The impact on te reo Māori of trans-Tasman migration

84 Pages Posted: 18 May 2022

See all articles by Paul Hamer

Paul Hamer

Te Kawa a Māui/School of Māori Studies, VUW

Date Written: July 2010


The Māori population in Australia has grown enormously since the 1970s, to the
extent that now approximately one in six Māori live across the Tasman. During that
same period there has been a concerted official and community effort to revitalise te
reo Māori in New Zealand. While it is difficult to gauge the extent of the impact on
te reo in New Zealand of this migration, census data show that many thousands of
speakers of te reo have moved to Australia since the 1980s. This fact is routinely
overlooked in assessments of the language’s health in New Zealand. Qualitative data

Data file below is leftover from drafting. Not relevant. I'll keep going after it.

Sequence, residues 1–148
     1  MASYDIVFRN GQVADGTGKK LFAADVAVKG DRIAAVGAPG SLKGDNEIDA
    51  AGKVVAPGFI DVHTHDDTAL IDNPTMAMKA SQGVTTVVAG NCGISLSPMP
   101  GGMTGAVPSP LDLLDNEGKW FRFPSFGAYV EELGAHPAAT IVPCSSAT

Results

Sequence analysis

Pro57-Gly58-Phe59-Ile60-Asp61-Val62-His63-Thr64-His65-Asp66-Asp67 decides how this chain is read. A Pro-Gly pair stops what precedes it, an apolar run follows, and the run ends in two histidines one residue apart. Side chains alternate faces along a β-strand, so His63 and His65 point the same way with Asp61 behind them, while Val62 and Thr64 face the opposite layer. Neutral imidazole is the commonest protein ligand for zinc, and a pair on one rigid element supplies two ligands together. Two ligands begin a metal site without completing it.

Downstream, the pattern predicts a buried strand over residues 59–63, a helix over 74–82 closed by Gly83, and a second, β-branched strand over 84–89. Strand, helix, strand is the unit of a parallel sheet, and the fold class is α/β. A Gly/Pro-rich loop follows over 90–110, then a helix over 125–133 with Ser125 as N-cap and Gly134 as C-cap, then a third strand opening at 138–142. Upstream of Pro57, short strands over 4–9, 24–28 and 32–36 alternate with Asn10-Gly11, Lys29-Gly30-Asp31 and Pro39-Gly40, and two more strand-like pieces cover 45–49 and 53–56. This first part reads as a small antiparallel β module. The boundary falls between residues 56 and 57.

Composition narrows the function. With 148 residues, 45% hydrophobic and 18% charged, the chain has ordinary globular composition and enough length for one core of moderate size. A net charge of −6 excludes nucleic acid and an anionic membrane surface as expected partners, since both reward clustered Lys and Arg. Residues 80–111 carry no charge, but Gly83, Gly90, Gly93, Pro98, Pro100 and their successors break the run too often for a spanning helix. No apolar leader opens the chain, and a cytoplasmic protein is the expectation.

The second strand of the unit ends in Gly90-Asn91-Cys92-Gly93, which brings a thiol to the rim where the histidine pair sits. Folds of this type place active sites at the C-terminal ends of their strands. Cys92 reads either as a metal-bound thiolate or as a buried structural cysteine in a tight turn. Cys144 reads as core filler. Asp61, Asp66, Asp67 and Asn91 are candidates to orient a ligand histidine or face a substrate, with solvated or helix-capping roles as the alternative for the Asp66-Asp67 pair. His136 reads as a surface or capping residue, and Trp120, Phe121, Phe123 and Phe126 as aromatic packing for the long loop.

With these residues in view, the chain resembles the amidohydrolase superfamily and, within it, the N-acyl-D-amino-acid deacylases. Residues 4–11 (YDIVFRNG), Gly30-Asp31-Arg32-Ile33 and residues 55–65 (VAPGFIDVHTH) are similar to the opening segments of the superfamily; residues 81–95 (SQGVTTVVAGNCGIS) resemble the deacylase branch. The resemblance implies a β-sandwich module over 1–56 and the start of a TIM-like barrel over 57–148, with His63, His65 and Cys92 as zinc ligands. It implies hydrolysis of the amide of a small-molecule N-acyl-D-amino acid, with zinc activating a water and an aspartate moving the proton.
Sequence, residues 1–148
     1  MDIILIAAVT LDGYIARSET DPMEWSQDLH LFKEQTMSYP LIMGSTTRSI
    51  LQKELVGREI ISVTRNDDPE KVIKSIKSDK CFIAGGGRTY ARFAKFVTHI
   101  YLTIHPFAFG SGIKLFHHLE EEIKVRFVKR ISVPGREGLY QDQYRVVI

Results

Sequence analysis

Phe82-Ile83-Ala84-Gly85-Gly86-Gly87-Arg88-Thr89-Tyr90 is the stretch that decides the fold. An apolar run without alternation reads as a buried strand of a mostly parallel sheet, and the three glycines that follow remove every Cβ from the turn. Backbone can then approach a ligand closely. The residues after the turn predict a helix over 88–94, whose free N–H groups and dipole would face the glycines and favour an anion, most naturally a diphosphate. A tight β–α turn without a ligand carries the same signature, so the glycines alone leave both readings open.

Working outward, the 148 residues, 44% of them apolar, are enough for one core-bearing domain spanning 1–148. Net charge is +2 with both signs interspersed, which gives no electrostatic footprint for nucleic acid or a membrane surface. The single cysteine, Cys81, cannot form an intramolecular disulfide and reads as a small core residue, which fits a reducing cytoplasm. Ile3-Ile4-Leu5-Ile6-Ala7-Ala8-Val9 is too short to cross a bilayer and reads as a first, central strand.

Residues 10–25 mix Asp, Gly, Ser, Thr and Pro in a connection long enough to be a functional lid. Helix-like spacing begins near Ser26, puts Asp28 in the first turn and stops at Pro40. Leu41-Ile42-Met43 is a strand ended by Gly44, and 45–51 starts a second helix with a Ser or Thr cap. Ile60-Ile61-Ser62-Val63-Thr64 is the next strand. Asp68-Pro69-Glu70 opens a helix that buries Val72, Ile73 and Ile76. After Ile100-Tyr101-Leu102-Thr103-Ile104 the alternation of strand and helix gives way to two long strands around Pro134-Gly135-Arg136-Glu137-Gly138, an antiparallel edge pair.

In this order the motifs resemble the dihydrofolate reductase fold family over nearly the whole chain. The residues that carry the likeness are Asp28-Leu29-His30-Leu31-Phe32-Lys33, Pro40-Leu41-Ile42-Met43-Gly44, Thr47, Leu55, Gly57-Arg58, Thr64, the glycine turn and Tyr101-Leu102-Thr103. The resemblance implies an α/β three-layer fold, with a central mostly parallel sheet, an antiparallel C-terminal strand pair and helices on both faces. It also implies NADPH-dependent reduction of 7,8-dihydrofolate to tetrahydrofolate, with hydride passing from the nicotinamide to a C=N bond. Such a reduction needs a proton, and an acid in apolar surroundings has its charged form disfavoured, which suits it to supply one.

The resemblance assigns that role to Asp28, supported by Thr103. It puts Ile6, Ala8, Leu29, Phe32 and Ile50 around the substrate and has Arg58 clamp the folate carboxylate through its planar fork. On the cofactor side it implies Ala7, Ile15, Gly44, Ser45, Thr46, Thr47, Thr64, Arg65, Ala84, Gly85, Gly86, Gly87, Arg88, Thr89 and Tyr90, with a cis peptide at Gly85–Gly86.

also suggest that the loss of students and teachers of te reo from Māori immersion,
bilingual and as‐a‐subject settings is a relatively common occurrence. In Australia
itself, however, te reo faces major obstacles to successful maintenance and
intergenerational transmission, and in fact the language suffers one of the highest
rates of ‘shift’ of any Australian community language. That said, many Māori in
Australia have high levels of motivation to learn their language, and commitment to
te reo is likely to be a small but contributing factor to Māori return migration to New

Keywords: Māori, te reo Māori, Māori language, migration, Australia, New Zealand

Suggested Citation

Hamer, Paul, The impact on te reo Māori of trans-Tasman migration (July 2010). Available at SSRN: or

Paul Hamer (Contact Author)

Te Kawa a Māui/School of Māori Studies, VUW ( email )

P.O. Box 600
Wellington, 6140
New Zealand


Do you have negative results from your research you’d like to share?

Paper statistics

Abstract Views
PlumX Metrics